Submissions are invited for the upcoming conference British Society of Aesthetics: Aesthetics and Ethics in the Digital Age. The conference will take place on 27th and 28th May 2021 in Cambridge, UK.
The aim of this conference is to explore some developments in recent practice that raise new and interesting questions for the philosophy of art. Artists, working independently in different parts of the world, are creating new forms of technological interfaces and experimenting with the biological, the nano and the digital. At the heart of all their works is a deep ethos of balancing the aesthetic and the ethical in how we relate with others and our environment, whether in the same physical space or as distributed bodies. The spheres of the arts, sciences, and (in particular) technology overlap both to explore and to attempt to change the way in which we live in the world. These artistic practices raise questions about the interaction between aesthetics and ethics that go beyond those familiar to us in discussions over the past decade or so.
Abstracts of up to 1000 words should be submitted as an email attachment to Satinder Gill (email@example.com) and Derek Matravers (firstname.lastname@example.org). Please include the talk title, author’s name, affiliation and contact details in the body of email; and please write “BSA Conference Submission” in the subject line. Abstracts should outline a talk lasting 25 minutes, on a topic related to the topic of the conference. The deadline for submissions is the end of 31st December 2020.
There will be no registration fee for the conference. UK-based contributing speakers will be encouraged to apply for the BSA Travel Stipend to cover travel and accommodation costs. The conference will adhere to BPA/SWIP Good Practice Scheme.
The conference website is https://fass.open.ac.uk/research/conferences/AEDA. For more information, please email Satinder Gill or Derek Matravers (emails above).
This conference is generously supported by the British Society of Aesthetics.
Prof. Sophie-Grace Chappell shares a prescient blast from the past: a piece from the Guardian from 1993, “How to be Car Free.” Shocking at the time. Less so now?
The idea that we should live car-free lives as far as possible is quite fashionable today. It was less fashionable in April 1993, when I published this in The Guardian. It subsequently got reprinted in Philosophy Now.
Funny how one can literally forget having written something. Perhaps I forgot because at the time I was worried that my position was a bit extreme, afraid that coming across as a green ultra would not help me get a proper job. I was just a college lecturer when I wrote this–so it never went on my CV for job applications, for instance, which maybe is another reason why I forgot that I’d written it.
So at the time I was partly embarrassed that I’d written this. I’m not in any way embarrassed now.
With acknowledgements to Philosophy Now and The Guardian.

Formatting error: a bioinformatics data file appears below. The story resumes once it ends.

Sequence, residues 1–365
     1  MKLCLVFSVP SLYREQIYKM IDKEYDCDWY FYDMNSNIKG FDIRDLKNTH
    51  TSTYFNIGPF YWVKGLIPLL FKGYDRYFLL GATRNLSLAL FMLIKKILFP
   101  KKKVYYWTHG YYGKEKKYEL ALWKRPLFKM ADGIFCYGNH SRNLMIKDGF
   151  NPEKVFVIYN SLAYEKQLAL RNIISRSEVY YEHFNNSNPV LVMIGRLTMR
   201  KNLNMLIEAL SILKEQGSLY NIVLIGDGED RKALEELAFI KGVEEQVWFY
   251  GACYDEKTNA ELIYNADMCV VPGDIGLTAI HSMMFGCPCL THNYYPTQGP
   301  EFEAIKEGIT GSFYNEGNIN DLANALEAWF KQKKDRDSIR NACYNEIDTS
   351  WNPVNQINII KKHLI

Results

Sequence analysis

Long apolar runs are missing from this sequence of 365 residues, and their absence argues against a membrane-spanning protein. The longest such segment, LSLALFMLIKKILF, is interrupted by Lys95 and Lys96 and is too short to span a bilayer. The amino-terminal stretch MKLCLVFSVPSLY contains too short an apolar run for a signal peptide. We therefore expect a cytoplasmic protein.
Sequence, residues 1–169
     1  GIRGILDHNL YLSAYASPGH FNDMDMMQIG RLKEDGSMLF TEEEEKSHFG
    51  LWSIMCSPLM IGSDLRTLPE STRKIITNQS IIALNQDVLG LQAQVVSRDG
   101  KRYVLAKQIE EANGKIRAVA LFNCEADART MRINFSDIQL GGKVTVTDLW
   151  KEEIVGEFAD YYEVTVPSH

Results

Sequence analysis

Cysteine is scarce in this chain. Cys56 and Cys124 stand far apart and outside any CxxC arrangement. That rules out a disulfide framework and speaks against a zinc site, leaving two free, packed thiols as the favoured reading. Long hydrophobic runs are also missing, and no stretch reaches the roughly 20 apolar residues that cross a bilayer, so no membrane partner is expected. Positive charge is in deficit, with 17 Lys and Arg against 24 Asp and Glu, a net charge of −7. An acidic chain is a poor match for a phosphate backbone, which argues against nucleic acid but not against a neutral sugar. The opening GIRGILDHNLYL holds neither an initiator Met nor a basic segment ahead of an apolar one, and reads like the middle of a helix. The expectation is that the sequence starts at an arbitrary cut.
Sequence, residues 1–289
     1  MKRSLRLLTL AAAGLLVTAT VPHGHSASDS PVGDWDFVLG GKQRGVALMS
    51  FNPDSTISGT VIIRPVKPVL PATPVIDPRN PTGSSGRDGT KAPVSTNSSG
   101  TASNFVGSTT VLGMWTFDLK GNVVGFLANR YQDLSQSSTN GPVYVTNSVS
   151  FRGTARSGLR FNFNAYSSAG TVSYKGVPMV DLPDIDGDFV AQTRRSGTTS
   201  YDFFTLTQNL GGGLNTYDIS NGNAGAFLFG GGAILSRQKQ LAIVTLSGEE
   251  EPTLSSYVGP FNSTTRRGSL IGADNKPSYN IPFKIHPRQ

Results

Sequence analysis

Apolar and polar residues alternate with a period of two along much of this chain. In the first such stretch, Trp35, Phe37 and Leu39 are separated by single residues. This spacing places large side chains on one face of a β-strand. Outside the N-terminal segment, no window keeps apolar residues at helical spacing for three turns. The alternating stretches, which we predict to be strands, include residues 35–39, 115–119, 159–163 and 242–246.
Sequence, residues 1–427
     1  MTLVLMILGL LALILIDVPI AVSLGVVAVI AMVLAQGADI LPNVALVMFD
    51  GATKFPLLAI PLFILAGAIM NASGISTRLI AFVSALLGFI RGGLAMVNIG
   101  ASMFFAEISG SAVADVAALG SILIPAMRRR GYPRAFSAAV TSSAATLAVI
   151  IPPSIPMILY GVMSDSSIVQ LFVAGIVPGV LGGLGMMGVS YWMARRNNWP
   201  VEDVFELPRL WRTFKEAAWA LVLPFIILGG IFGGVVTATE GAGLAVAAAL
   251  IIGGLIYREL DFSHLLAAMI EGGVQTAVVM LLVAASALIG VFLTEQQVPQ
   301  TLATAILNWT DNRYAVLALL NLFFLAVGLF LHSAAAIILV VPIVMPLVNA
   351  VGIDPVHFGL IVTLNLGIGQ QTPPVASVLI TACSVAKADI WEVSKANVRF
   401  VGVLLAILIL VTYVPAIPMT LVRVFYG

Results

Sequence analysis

Mark Pinder celebrates a double success this month. Mark has just returned from a research visit at the Department of Philosophy II, Ruhr University Bochum, having given a talk at the conference, Inconsistent Concepts and Conceptual Engineering. In addition, his paper on conceptual engineering, “Conceptual Engineering, Metasemantic Externalism and Speaker-Meaning” has been accepted for publication in MIND, one of the leading philosophy journals.
Congratulations to Dr. Jon Pike, Senior Lecturer and Staff Tutor in Philosophy, who was recently elected Chair of the British Philosophy of Sport Association (BPSA). The BPSA’s mission is to “provide avenues and opportunities for those interested in philosophical issues in sport to present their ideas and network with others.” The Society’s principal activities include an annual UK-based conference, a tri-annual conference with the European Association for Philosophy and Sport, and the publication, in partnership with Taylor & Francis, of the esteemed journal Sport, Ethics and Philosophy.
Jon will be off to the WADA conference in Katowice, Poland for the 5th – 7th of November. This is the conference that will agree anti-doping regulations for the next five years of elite sport. He will be blogging a conference diary from the conference (watch this space for a link!), casting a quizzical and philosophical eye over proceedings. Jon has previously acted as a consultant for both UKAD (UK Anti-Doping) and WADA, and he is keen to see if any of his thoughts about anti-doping get incorporated into the new code.
Philosophy is delighted to announce that Professor Derek Matravers has been appointed co-editor, along with Paloma Atencia-Linares, of the British Journal of Aesthetics.
The BJA, as it is known, is a premier forum for peer-reviewed scholarship in aesthetics and the philosophy of art. Currently in its 59th year, it is published quarterly on behalf of the British Society of Aesthetics by Oxford University Press.